The Companies Act 2013 has presented a unique opportunity for the corporate world to contribute to India’s development through supporting a range of CSR activities. Educational Initiatives, in partnership with Samhita Social Ventures, organized the second National CSR Leadership Conference on ‘Improving Quality of Education – Role of CSR’ on 26th of February 2015 at the MCA Recreation Center in Mumbai.
The objectives of the conference were to –
- Help companies understand the gaps in the education sector that could be addressed through CSR initiatives
- Bring together voices from organizations working on addressing social issues related to education – companies, donors as well as NGOs – to deliberate on ways to foster partnerships among stakeholders and create effective engagement in the sector
- Discuss innovations, especially around technology in education, and frameworks for assessing impact
The event was attended by 53 participants with representation from 30 leading companies and foundations. Companies present included ANZ Bank, BPCL, Castrol, GE Shipping, HCC, HSBC, IL&FS, Mahindra and Mahindra AFS, P&G, Powerica, Sun Pharma, Thermax etc. There was also considerable participation from foundations and social organizations including Edelgive Foundation, Essar Foundation and RPG Foundation.
There were four sessions hosted by eminent leaders in the CSR and education sectors and two panel discussions that focused on the role of technology in education and implementing CSR. A summary of the key takeaways of the sessions are listed below.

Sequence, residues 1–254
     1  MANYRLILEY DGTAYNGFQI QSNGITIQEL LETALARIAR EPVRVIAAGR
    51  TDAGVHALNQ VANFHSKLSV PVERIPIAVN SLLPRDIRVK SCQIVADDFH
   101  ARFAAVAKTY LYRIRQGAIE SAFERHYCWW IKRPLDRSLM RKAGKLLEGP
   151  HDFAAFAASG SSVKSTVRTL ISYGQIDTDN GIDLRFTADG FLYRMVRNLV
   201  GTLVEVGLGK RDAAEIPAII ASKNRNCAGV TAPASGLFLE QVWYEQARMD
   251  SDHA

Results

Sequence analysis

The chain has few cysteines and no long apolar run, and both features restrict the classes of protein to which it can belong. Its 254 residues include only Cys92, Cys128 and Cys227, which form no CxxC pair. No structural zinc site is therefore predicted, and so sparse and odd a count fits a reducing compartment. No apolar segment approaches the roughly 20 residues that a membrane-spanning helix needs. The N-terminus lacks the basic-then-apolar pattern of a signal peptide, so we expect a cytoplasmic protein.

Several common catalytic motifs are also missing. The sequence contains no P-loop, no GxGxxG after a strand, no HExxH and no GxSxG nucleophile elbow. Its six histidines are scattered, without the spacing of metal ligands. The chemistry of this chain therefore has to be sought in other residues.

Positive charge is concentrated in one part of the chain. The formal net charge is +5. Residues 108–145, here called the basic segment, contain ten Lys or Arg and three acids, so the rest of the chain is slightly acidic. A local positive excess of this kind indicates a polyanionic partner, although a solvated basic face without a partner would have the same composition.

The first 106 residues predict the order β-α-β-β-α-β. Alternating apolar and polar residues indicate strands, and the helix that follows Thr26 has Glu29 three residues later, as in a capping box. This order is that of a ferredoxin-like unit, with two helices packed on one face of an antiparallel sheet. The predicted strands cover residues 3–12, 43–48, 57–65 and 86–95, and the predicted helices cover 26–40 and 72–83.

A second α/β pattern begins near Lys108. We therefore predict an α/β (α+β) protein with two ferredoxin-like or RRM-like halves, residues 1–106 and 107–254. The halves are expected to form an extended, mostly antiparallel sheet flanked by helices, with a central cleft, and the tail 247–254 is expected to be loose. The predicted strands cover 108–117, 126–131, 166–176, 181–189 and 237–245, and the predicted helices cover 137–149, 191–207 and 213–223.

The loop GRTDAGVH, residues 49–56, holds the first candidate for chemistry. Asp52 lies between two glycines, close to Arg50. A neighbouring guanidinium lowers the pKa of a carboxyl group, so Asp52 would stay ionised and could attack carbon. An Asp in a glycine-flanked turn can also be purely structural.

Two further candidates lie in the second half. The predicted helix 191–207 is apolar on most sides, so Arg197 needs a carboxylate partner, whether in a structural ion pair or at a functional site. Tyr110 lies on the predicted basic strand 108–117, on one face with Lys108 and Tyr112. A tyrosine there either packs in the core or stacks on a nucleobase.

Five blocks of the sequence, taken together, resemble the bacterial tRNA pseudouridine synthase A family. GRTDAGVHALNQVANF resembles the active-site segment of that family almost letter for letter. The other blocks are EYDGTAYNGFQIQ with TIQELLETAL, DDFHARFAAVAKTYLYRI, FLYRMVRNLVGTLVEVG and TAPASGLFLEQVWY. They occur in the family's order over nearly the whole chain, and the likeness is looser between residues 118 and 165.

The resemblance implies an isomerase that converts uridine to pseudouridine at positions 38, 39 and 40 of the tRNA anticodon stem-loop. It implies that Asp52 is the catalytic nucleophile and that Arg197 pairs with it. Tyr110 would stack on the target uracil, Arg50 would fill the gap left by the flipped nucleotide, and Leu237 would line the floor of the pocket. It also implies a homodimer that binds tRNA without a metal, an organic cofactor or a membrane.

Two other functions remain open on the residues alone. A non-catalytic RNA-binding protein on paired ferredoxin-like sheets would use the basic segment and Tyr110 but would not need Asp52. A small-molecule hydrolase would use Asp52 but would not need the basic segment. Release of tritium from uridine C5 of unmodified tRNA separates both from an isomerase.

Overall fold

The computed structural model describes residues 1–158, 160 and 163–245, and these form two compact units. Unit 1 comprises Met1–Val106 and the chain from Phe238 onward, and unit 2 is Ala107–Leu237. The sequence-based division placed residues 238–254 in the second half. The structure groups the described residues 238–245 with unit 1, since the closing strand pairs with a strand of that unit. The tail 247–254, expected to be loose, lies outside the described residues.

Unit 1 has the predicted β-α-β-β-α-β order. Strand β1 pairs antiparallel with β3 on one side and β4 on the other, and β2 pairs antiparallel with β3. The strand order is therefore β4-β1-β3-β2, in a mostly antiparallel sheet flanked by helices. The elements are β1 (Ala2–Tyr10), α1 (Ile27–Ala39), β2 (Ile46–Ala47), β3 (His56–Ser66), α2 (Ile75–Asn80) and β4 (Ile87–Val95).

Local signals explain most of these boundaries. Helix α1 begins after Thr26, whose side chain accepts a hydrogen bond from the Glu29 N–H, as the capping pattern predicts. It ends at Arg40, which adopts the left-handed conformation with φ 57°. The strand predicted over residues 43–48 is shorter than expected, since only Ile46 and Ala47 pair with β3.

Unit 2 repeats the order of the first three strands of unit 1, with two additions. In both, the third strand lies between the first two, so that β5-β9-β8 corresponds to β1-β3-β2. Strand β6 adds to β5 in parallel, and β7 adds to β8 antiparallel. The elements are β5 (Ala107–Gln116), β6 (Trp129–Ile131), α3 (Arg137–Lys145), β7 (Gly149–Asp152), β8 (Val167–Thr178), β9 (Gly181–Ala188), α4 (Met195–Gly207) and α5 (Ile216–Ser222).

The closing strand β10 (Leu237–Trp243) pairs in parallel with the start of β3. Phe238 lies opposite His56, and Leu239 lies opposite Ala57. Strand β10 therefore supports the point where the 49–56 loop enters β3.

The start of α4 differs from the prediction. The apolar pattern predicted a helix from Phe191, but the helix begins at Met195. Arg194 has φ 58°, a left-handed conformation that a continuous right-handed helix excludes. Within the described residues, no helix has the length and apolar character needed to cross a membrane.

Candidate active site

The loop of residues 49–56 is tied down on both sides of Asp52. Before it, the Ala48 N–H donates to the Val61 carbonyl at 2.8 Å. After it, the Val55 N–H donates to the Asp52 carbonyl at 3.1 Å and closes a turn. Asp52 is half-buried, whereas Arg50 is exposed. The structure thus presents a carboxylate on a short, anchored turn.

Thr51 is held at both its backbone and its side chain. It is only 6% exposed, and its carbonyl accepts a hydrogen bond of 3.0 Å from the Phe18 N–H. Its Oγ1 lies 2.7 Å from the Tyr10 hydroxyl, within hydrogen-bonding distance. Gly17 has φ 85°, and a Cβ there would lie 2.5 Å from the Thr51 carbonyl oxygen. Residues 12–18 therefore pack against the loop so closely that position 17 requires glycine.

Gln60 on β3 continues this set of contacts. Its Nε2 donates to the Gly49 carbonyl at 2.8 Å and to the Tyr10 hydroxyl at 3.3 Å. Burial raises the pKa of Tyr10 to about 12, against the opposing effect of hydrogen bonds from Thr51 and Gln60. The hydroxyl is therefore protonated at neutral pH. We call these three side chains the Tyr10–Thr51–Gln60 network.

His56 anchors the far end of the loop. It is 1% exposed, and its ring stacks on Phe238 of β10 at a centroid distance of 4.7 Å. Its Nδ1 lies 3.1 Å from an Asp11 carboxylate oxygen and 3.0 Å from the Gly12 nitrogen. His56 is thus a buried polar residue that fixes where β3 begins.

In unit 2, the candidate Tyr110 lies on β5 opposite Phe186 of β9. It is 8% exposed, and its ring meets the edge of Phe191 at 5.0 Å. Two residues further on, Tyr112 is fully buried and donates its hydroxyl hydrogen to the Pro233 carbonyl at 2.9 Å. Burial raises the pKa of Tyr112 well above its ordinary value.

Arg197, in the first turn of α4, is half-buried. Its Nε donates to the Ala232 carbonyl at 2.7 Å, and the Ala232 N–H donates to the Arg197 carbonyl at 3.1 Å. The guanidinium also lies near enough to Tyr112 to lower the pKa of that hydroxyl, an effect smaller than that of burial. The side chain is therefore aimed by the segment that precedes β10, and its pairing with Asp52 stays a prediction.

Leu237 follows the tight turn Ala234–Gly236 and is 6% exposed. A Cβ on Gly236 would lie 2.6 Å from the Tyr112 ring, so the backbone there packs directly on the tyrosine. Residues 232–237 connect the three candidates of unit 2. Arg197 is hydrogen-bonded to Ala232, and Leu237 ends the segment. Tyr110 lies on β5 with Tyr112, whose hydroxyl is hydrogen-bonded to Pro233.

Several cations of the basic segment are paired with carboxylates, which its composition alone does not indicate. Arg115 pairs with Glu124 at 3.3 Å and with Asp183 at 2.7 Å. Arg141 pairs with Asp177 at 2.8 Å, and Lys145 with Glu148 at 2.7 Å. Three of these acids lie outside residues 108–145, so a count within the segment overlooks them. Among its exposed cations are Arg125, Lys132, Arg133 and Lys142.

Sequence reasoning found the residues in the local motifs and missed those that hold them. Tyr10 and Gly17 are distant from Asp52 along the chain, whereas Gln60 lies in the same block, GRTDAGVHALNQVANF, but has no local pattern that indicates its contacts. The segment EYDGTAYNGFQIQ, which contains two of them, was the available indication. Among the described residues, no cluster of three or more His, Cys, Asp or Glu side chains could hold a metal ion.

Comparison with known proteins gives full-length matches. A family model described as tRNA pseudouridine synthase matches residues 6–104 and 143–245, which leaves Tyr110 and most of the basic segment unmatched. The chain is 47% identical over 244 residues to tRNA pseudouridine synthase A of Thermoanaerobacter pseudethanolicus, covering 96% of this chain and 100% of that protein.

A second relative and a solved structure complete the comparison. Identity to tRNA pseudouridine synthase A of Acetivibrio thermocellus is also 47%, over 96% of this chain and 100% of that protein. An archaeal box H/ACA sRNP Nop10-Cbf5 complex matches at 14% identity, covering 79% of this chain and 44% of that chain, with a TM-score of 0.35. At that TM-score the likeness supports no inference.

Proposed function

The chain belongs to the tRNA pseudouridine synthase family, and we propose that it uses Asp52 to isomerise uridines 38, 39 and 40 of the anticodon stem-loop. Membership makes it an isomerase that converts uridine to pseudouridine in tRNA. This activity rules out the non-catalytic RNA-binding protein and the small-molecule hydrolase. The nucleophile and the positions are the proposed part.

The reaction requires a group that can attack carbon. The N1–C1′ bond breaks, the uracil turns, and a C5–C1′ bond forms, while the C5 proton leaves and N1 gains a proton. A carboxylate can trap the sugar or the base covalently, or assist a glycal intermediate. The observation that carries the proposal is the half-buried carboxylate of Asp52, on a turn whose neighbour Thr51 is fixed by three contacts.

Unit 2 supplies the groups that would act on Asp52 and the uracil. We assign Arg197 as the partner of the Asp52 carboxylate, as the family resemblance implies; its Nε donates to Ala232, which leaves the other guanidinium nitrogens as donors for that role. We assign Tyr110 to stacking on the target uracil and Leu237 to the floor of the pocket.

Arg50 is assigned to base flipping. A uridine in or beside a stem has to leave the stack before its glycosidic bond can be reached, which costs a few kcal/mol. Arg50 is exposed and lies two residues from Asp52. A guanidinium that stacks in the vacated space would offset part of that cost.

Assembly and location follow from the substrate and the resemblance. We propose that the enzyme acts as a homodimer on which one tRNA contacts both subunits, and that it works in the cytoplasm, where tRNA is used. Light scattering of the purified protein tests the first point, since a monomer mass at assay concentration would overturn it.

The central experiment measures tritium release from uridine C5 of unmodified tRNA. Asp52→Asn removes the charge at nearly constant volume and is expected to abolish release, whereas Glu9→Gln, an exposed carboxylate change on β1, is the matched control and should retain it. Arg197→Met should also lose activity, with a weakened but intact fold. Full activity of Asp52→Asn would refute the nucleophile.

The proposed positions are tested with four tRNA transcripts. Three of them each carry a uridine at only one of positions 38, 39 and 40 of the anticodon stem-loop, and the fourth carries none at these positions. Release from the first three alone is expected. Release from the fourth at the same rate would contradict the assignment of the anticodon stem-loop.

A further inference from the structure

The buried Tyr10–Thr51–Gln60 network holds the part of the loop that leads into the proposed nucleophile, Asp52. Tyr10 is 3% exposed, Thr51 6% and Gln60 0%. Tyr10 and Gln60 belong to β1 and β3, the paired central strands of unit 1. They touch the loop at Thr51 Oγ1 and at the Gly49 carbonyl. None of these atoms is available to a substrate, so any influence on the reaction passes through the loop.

Session 1 – Education Sector Report – The need to shift towards learning outcomes – Read the full report here
Ms Anushree Parekh, Senior Research Manager at Samhita Social Ventures, set the tone for discussion by presenting key findings from a recent research report that maps the CSR interventions in education of the top 100 companies with the highest CSR budgets in India. The report disaggregated CSR in education into various categories such as infrastructure, pedagogy, capacity building, early education, scholarships etc. It highlighted the skew towards education, vis-a-vis other causes, in companies’ CSR efforts – 78 of the 100 companies surveyed had some interventions in education. However, it also brought out the fact that most initiatives were oriented towards supply-side interventions with 54 of the 78 focused on provision of infrastructure, often in a piecemeal manner; only 40% were working to enhance the demand for education and less than 10% were trying to bring about systemic change.